The Secrets Behind a Successful Family Business

This article is actually from a good friend of mine, a man named James Outlow, about his journey with his family’s business. I asked if he wanted to write something for this blog, and he agreed. It shares an interesting level of insight, so please enjoy.

Running my family operated business has always been my goal. I grew up between pianos, guitars, and tons of music books sitting on the many shelves of our shop in the city’s suburb. My granddad was a piano tuner. He had been a piano player on a big cruise ship during the fifties and later specialized in piano maintenance, a stable source of income for someone who had a wife and three kids.


He opened up a small outlet, then, investing all his savings, decided that the time was right to try and open his very own piano shop. In 1960, you could still dream big, and it’s exactly what he did. During the years, his vision became a reality, which eventually grew to the point that now, after sixty years, my family is still keeping his dream alive.


Today, we own three music shops, and the business is still flourishing. We want people to feel welcome when they come into the shop so playing updated music as well as muzak, gives us a range. Almost every key element of the company belongs to the family. I think that, in a way, this is why we have made it through the periodical crises of the sector. In this article, I’ll share what has inspired us to create the perfect soil to grow a sustainable and healthy business.


Company Values

When people are hired by a company, it is important to adhere to their mission and values. Sometimes, it’s easier said than done. It’s not about agreeing or not on simple core values and policies, such as being kind to customers or keeping up good teamwork. I’m sure everybody understands that. The point is that we only know part of the story, as we have just “entered” the company and do not really know the reason behind the status quo or decisions being made. On the contrary, isn’t it true that, if we have been employed in the same company for many years, we often feel it as if it was our own?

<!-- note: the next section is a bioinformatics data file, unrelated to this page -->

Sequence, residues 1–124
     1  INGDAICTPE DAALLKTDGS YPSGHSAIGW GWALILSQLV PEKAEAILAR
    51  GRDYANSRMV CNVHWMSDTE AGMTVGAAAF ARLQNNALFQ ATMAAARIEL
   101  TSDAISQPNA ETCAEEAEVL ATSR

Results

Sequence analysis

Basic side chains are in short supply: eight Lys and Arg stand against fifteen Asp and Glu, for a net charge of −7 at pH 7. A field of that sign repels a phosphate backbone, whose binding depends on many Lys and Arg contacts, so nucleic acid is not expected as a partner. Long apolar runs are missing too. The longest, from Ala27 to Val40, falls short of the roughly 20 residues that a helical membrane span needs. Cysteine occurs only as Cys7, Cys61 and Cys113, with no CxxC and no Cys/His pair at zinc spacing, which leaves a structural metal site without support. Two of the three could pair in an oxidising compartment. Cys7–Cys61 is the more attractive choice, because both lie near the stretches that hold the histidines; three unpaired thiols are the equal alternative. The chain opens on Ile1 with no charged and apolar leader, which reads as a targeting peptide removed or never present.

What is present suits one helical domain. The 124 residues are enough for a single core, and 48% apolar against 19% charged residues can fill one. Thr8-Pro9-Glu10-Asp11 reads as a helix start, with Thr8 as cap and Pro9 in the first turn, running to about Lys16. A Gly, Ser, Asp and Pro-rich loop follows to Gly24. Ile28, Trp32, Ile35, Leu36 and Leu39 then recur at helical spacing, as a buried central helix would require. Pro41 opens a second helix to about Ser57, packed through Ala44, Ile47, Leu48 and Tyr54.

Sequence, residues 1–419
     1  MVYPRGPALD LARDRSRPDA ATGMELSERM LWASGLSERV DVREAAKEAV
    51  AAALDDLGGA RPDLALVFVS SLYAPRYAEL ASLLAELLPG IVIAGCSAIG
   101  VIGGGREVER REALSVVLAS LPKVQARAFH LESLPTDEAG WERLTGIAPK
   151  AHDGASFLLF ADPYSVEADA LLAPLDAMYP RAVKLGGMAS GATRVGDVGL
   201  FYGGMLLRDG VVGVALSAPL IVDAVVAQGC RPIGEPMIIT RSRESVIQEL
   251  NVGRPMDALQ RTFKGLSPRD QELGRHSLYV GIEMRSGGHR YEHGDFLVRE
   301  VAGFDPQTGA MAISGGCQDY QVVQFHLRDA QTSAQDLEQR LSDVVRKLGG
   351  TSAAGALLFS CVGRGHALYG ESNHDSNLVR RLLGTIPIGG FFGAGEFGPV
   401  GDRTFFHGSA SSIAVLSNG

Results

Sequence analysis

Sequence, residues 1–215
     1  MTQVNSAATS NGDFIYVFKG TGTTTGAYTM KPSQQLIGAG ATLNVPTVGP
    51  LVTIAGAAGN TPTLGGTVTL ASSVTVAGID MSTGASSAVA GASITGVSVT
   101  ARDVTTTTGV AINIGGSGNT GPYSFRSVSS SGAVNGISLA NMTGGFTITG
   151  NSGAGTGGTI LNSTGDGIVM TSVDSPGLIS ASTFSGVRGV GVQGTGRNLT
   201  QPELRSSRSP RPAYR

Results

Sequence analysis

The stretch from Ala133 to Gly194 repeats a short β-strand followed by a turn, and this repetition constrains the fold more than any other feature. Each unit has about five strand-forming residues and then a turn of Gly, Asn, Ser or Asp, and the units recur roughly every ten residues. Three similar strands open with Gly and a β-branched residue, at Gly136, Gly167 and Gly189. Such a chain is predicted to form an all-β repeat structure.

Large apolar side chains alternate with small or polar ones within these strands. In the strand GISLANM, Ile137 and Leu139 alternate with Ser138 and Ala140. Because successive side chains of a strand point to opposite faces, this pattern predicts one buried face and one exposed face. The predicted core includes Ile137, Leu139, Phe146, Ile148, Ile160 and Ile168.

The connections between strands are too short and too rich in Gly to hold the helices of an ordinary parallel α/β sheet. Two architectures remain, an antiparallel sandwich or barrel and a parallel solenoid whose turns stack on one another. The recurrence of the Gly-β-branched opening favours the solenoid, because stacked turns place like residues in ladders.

In a family operated business, it’s easy to share company values. It comes from experience, from the constant sharing of ideas, from living together and struggling every single day to improve and to make the business grow. I’ve learned how to treat customers just by watching my mother and how to deal with providers and accountancy work out of my dad’s example. It wasn’t always a picnic; we had our ups and downs.


For example, when decisions were to be made together with my uncles (who managed the other shops), it’s wasn’t always easy to agree on everything. But, at the end of the day, we were family; there was still this strong bond that kept us together, no matter what. This is probably the key: if greed and interest take over, then a family business becomes just like any other business. In a way, even worse, because we don’t get to choose our associates, and it may be very complicated (and expensive) to fire or liquidate them.


From Father to Son: How To Keep Up to Date with the Market

At one point, I studied to become a violin maker: I wanted to keep the family tradition alive in my own way and become a skilled craftsman, on top of being a business owner. My sister, instead, preferred to get a degree in marketing. Today, I reckon that we are the perfect team to take our business to the next level.


New technologies bring up new challenges, that’s why we’ve decided to create an online shop, which sells our brand all over the country. I took advantage of my skills and developed my own range of instrument accessories. And we both share the responsibilities of accounts and orders.


The downside of a family business is that, on special occasions such as Christmas or celebrations, when we all sit around a table, sooner or later we end up talking about the shops. So, our gatherings end up being somewhere in between an intimate party and a management board meeting!


One last thing. My little brother began helping out in the shop, but soon we realized that this was not the life he had dreamed of. He wanted to become a scriptwriter for radio and TV, and we had to let him go and pursue his dreams. When that happened, the businessman in me had to take a step back. Not an easy one, for sure. But, despite anything else, I wanted him to be happy. And that’s exactly what a (loving) family is about.